bashar assad eventually leaves there is a risk extremists will take over. >> they thrive in failed states. they thrive in power vacuums. they don't have much to offer when it comes to actually building things but they are very good about exploiting situations that, you know, are no longer functioning. >> shepard: and no matter how this unfolds, the president says the outcome in syria is not going to be ideal our chief white house correspondent traveling with live in amman jordan. the president is getting more pressure to use military in syria. >> he he is the president wept out and vowed that he would rid asyria of all the extremist still left there a sign that he is ready to kill more people. is he digging in even deeper president obama is getting pressure no-fly zone. come up with surgical air strikes. something to stop the killing. but the president today said at a news conference you have to be very careful with u.s. power. >> what your question may be suggesting is why haven't we simply gone in militarily. and, you know, i think it's fair to say that the united states often finds its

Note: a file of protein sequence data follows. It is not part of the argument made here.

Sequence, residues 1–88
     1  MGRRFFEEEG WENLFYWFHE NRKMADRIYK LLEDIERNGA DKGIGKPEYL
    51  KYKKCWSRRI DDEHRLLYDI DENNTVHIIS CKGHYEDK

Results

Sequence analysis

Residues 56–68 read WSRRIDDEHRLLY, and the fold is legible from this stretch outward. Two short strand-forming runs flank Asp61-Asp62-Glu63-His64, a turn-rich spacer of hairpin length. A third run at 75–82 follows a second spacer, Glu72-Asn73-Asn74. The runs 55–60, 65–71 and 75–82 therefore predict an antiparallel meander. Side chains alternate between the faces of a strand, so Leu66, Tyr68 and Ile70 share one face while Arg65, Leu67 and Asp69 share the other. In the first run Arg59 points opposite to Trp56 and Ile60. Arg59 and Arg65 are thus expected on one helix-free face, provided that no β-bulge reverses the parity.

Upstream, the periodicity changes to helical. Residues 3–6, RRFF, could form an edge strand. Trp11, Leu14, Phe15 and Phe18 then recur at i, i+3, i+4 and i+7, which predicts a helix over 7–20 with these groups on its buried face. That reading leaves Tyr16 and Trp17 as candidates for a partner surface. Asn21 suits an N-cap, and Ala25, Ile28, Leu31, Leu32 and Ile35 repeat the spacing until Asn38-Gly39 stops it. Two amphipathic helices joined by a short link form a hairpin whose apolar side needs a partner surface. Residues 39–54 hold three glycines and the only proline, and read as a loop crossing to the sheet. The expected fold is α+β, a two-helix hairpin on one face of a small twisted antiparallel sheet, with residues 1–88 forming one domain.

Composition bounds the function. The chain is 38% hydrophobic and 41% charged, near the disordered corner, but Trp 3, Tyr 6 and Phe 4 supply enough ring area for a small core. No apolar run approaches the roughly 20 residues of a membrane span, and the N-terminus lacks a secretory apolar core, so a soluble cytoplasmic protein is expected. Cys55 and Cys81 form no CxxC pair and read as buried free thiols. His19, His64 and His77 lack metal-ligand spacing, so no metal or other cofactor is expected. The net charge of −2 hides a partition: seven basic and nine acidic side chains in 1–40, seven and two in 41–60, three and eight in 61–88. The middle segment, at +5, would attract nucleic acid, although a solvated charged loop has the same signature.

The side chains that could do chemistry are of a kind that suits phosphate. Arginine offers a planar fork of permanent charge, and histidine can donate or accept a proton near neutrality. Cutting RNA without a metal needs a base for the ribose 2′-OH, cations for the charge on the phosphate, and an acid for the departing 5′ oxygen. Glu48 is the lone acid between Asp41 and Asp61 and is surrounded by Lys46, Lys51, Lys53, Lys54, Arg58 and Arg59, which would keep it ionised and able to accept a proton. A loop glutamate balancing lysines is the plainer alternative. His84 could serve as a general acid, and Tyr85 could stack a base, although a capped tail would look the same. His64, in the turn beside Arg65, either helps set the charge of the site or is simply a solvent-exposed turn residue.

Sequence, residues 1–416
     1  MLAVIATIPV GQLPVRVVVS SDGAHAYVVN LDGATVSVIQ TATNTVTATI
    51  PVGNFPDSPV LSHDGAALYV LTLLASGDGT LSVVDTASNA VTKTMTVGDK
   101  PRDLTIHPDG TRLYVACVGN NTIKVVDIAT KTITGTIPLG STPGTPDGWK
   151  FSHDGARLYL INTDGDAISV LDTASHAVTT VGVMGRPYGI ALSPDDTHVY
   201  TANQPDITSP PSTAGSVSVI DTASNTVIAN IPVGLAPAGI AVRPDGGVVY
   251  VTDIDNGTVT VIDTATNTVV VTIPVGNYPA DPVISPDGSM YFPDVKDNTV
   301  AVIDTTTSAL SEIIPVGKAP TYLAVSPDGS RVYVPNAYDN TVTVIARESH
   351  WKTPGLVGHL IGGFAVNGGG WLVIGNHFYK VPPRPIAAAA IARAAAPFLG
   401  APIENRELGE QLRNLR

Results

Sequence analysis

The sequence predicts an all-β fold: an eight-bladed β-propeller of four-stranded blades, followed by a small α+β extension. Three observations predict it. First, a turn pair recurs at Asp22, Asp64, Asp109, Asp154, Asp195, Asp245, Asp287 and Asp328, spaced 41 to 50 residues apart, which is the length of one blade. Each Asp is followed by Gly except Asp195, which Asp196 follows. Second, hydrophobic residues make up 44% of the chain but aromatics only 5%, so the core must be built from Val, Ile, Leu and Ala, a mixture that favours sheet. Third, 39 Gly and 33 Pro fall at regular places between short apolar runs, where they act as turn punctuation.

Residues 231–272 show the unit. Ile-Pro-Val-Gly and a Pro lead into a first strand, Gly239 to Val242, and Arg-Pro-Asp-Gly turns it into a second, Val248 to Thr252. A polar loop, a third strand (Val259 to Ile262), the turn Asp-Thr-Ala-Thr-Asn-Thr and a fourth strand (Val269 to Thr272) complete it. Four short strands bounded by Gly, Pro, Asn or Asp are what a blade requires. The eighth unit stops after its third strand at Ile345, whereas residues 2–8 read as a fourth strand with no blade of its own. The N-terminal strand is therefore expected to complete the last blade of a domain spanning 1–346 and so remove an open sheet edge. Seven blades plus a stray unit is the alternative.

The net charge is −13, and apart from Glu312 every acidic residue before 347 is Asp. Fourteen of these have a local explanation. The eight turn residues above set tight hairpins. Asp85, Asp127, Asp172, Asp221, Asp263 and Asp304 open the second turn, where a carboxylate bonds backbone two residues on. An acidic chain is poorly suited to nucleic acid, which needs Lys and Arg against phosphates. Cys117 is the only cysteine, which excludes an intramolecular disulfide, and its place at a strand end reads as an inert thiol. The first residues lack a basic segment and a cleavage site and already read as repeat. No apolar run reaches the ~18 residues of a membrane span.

further and said that if assad crosses it there will be, quote, consequences. he has said you will be held accountable. today his chief of staff said on cnn that it would be a game changer if, in fact, chemical weapons were used. now the president has not specified what he means exactly when he says assad or his regime would be held accountable. there have been reports that the u.s. has developed a plan for direct action against syria, but there's no indication the president is pursuant. let's be realistic. it's hard to imagine that the u.s. would take any direction action to syria when the president is visiting the neighborhood here in israel in less than 24 hours, anderson. >> marine one has just landed at andrews air force base. there you see it happening. again, the president will surely be getting on air force one heading toward israel. jessica, the president as you said is in the region. it does add pressure to the president's trip, particularly in israel if, in fact, chemical weapons have been used in neighboring syria. >> reporter: absolutely. syria was always going to be a part of